By now you will have gathered that I’m not clever or political enough to give a proper balanced opinion on the life and works of Mr Lee. I enjoy and appreciate life in the city LKY built and I won’t live anywhere like it again. I recognise what its faults are (and, OK, what His faults were), but after a day like today, I don’t really want to think about them. I apologise if I have overlooked an aspect of your own life or inheritance that has suffered as a result of His work. What I think I might do is just sneak in a link (below) that gives a far better summation than I ever could. I am writing this as witness, without opinion, if this can ever be done.
The last time I witnessed a public funeral was for Princess Diana’s procession in 1997. My then boyfriend and I ran down to a spot on London’s north circular, getting there only just in time to see the departing cortege, mourners lobbing lilies at the back windscreen, muted shouts muffled by the sizzling of fast tires on wet tarmac on a damp day not unlike this one. It was a very different feeling. The car was going much faster, the rain was much colder, very few people on that pavement would have been directly affected by Her, and of course Her death was a rather more complicated affair – it was all a bit of a downer, to be honest. Today’s crowds were upbeat, unanimously respectful, even in the midst of a downpour – especially so. We wore black and white under our plastic rain macs, trudged to a waiting spot just ten minutes from the condo. A guard shouted through a loud-hailer, warning the crowds that the cortege was about to pass. ‘I couldn’t hear him,’ said Dad, afterwards, ‘what did he say?’.
The man had shouted: ‘We are all here for the same reason. The procession is about to pass, so please take care, stay well back, pay your respects to Mr Lee in the way he would have wanted.’
Everyone had cheered and, in fact, done just what was asked. And although you could say that, yes, this was what some of the critics are, well, being critical of, I preferred to see it as a crowd working together especially hard on the very day in which it mattered more than ever. After the procession (which passed helpfully right under all of our noses) everyone packed into a local hawker for lunch and kopi, crowding into corners to watch TVs bolted high on the wall next to fans blasting through the steamy heat. We got our coffee to go, drizzling slowly home again through the rain, so glad to have seen it all up close, and then we spent the next two and a half hours watching the ten eulogies on our own telly at home.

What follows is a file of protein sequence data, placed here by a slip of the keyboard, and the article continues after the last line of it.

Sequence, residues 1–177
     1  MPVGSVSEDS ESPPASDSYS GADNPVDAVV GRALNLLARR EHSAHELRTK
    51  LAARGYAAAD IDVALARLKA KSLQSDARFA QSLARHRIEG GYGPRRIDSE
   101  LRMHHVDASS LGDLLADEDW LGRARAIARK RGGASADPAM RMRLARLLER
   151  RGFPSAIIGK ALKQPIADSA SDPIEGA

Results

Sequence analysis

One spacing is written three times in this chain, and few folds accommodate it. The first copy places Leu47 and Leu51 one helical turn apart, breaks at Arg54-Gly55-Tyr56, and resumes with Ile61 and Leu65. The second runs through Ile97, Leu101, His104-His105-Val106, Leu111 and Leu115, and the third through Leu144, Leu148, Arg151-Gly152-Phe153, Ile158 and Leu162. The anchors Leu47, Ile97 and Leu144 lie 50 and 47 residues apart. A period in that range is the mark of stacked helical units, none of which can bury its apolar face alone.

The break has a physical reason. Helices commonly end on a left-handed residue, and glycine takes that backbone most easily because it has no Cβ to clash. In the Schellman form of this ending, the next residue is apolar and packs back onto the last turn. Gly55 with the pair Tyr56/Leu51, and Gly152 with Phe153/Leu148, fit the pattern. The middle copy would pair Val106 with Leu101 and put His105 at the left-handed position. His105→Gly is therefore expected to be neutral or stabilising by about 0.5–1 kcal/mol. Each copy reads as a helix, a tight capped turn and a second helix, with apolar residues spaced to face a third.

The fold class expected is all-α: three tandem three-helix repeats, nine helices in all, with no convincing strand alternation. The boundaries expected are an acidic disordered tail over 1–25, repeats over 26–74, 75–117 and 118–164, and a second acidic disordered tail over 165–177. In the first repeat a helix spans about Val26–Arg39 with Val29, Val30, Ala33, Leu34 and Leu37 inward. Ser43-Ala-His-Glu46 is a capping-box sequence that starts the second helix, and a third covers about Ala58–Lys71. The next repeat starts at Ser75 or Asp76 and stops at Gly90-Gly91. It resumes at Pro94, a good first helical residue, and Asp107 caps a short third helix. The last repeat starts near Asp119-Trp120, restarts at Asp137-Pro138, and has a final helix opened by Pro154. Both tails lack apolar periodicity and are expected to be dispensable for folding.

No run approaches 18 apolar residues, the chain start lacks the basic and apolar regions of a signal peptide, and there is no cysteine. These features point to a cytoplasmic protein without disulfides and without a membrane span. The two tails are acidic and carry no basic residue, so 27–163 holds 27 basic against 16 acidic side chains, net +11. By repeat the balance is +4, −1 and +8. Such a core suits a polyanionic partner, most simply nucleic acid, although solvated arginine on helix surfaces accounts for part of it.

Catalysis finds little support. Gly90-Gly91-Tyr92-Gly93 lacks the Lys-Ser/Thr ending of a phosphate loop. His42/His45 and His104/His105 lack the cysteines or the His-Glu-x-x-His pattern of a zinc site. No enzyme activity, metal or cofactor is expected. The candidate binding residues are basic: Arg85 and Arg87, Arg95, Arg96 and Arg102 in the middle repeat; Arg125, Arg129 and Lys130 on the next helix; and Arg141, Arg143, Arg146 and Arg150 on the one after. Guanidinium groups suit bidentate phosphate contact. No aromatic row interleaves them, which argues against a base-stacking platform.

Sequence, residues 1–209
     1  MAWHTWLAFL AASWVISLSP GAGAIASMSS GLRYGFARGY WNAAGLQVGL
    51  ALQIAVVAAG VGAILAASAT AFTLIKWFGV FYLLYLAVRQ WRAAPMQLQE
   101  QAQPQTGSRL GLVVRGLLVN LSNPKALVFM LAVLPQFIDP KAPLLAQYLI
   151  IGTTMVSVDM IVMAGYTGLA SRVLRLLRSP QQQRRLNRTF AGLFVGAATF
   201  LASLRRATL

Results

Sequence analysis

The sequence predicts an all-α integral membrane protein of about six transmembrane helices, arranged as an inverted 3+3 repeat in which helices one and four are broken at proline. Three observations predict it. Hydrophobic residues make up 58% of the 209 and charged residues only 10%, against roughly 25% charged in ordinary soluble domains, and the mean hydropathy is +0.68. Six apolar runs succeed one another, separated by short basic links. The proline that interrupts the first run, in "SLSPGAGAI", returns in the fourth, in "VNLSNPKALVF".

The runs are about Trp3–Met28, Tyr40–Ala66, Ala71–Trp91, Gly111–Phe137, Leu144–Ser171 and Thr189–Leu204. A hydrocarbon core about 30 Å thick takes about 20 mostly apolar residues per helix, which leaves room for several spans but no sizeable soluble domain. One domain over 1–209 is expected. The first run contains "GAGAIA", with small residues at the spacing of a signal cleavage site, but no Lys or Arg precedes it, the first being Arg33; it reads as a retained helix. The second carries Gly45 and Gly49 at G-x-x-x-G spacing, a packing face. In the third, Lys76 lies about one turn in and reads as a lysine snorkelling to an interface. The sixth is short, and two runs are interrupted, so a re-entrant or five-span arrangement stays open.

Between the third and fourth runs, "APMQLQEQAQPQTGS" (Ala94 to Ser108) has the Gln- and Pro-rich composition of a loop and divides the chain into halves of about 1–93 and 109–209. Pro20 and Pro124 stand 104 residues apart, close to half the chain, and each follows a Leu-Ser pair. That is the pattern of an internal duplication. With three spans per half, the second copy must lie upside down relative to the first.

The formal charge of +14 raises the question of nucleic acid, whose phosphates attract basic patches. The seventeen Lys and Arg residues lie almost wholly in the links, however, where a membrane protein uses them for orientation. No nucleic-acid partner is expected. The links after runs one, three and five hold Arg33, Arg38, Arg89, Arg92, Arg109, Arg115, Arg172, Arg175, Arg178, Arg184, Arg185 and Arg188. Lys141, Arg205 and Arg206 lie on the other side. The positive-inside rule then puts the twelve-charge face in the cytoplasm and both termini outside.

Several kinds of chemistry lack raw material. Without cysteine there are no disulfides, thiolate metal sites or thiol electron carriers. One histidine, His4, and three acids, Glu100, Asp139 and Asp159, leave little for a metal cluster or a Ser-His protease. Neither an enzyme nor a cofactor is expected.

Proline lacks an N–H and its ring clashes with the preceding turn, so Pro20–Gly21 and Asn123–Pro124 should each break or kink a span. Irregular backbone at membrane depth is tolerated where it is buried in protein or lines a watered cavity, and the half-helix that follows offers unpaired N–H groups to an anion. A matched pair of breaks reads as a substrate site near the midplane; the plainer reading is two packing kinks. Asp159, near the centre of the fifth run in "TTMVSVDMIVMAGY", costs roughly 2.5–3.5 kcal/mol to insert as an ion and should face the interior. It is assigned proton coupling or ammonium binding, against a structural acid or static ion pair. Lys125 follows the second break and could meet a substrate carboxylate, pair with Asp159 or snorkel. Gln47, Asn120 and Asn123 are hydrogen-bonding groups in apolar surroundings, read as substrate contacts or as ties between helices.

One of my oldest friends once told me how privileged she felt to be at the passing of her mother. A few years later my husband found himself in the same situation and he agreed. Later still I joined that privileged club – not one you ever want to be part of, but one in which you become, always, nothing short of grateful to say you were there. What I’m trying and failing to say (in a post that is almost as long as today’s exquisitely delivered eulogies) is that every death deserves a modicum of respect, and if we get a chance to pay some – especially on a scale such as my family witnessed today – then perhaps we should always try to do so. Some opted out of the seven-day mourning period, did not wear black and white or join the queue, and they were vocal in their own defence, and irritated by the outpouring of love for a man that, actually, not everyone did love. Maybe I am justifying my own need to have gone along and witnessed the procession. I’m not really sure.
‘If you seek his monument,’ said Lee Hsien Loong in his eulogy, ‘look around you’.
When I think about my own privilege, I think about my Dad, who always says: ‘I’ve led a privileged life,’ and he was kind enough to pass that on to me: so have I. It’s a shame that, for some, Mr Lee’s monuments are not enough to dispel the negative aspects of his life. I can only give thanks for the city I’m enjoying, and which I suppose I will continue to enjoy until we leave.
Here’s that link, a Business Times piece from today, Sun 29 Mar 2015